Voters in more than 100 Georgia cities and counties cast ballots yesterday on whether to allow stores to sell alcohol on Sundays. And it passed in Valdosta, Atlanta, Savannah and many other cities.
Those who support the referendum say it’s a matter of giving communities local choice and bringing Georgia into the 21st century.
And on Election night, supporters at the Summit Chase Country Club in Snellville made sure to grab some alcohol to celebrate the initiative’s success.
Jamie Dempsey heads Georgians for Sunday Alcohol Sales. Earlier this year, he lobbied legislators to pass the bill allowing communities to vote on the issue.
“We know that this is a contentious issue," he said. "But it’s not a moral issue. It’s not a religious issue. It is an issue of economics. It is an issue of business viability and that’s what we were pushing for.”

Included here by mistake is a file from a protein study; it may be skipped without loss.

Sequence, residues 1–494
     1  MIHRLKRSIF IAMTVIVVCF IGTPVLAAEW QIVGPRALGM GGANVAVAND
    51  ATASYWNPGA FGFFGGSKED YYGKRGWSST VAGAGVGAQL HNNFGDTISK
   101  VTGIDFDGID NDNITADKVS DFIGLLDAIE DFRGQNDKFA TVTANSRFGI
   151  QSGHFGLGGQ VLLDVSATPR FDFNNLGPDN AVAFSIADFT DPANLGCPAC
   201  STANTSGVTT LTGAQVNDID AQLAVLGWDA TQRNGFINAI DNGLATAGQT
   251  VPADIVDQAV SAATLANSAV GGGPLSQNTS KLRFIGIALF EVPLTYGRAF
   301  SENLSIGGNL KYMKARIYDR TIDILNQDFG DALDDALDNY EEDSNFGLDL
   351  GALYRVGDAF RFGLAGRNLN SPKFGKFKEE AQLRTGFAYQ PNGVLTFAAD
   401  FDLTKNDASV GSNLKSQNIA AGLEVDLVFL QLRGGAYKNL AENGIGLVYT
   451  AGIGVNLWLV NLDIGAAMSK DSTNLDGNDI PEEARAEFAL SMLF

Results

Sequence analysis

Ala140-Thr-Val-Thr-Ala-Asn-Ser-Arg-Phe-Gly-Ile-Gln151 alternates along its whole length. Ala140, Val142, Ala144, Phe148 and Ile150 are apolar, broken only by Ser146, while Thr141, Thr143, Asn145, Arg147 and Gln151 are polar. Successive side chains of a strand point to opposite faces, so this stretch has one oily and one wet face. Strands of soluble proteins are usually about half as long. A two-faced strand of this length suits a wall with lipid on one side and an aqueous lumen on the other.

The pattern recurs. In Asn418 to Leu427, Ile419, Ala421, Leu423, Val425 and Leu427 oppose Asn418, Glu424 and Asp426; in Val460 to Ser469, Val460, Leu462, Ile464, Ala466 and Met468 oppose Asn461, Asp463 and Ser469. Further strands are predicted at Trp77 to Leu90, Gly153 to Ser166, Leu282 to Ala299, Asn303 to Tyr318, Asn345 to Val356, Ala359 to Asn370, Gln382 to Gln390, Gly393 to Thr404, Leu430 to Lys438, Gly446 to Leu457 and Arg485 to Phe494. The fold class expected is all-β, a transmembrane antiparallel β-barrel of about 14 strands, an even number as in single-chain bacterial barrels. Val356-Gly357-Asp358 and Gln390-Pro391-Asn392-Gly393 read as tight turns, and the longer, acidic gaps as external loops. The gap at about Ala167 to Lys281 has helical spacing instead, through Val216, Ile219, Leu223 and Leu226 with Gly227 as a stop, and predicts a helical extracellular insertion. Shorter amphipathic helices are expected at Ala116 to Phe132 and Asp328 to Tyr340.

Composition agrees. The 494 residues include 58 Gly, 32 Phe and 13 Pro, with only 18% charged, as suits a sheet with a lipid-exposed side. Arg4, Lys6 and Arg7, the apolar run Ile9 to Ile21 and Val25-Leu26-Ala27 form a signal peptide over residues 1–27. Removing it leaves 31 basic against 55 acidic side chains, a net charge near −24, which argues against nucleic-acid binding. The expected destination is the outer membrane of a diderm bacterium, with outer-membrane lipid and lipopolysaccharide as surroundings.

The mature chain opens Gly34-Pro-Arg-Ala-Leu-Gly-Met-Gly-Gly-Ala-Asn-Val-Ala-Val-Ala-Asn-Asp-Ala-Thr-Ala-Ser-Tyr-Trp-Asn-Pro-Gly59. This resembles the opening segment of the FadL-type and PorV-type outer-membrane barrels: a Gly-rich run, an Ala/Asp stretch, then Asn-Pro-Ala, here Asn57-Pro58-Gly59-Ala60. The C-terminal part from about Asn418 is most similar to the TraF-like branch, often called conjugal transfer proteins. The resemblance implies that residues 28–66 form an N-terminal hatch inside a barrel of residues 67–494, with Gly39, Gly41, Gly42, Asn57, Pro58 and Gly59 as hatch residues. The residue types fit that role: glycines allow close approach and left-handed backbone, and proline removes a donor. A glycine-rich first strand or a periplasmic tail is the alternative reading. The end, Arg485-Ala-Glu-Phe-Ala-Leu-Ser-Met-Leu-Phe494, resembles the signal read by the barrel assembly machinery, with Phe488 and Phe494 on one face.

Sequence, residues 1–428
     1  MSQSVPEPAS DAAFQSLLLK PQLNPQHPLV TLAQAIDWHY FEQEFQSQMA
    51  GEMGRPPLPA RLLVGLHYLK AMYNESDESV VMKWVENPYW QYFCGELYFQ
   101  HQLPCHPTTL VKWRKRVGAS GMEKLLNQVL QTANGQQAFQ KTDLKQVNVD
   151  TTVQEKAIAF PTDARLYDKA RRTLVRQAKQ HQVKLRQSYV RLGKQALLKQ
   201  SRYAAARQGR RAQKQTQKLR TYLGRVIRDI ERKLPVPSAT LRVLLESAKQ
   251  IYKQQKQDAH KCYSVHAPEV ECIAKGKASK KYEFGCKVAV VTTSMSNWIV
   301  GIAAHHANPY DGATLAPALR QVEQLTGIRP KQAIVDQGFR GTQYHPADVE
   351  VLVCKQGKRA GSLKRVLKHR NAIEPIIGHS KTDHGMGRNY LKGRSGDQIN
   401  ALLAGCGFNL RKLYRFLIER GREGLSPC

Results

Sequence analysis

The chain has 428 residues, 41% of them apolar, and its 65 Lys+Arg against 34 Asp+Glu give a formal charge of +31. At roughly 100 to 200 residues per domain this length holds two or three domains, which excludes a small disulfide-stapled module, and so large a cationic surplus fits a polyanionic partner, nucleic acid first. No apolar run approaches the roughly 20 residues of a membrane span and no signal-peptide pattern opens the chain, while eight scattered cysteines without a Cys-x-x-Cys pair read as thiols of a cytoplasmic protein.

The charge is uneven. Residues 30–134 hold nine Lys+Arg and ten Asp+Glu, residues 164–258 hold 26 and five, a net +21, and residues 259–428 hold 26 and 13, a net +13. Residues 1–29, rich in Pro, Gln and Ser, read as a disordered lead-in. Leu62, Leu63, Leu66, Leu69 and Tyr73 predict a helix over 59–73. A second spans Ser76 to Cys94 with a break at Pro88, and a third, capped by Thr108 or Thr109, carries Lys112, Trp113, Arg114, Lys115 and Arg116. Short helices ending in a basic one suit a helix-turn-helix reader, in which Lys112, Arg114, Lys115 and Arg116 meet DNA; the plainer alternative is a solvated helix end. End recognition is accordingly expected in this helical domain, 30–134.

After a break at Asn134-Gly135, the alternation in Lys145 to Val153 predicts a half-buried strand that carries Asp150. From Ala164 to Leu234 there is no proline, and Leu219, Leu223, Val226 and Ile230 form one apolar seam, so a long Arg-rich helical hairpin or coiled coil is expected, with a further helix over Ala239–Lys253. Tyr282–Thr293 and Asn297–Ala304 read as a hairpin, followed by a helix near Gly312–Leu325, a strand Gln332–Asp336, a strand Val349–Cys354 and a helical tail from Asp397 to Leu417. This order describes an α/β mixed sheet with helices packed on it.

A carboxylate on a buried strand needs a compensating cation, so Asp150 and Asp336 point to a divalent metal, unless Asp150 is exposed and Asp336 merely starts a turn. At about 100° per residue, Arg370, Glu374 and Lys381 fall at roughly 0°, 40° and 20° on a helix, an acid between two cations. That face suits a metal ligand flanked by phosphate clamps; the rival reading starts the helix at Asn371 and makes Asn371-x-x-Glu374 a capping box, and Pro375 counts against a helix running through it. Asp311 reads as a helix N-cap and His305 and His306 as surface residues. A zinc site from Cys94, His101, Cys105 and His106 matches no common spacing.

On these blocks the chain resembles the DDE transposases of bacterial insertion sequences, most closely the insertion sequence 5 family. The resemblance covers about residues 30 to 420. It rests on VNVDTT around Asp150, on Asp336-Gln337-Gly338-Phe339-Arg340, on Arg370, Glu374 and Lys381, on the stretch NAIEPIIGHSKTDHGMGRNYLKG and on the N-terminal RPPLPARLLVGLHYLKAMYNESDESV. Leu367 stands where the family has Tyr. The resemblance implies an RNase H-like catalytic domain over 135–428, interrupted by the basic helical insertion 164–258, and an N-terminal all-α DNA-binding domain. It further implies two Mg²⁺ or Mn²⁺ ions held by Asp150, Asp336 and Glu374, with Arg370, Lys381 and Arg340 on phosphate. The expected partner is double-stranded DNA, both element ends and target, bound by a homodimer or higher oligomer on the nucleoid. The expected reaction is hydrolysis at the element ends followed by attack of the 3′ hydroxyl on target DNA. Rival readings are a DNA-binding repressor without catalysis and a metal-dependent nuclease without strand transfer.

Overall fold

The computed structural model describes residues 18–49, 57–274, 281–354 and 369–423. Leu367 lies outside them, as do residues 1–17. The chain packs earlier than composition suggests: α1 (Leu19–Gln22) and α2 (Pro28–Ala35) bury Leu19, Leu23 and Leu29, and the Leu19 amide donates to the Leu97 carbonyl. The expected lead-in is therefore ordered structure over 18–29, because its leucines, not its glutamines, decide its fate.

Opposition groups, however, say voting ‘yes’ will boost the number of alcohol-related car accidents. Christopher Cole of Atlanta voted against it and he said what's more,it's an unnecessary step.
"It’s not for religious reasons. It’s not for moral reasons," he said outside of his polling place. "I just like the fact that Sunday is different from every other day. And I guess I just like the fact that businesses and every day life has to adjust to that at least in some small way.”
This is the first year communities can decide the issue for themselves. Both supporters and opponents expect many more municipalities to vote on the issue in next year’s primary and general elections.
Sunday alcohol sales referenda failed in Pendergrass and Comer in northeast Georgia and in the Atlanta suburb of Forest Park.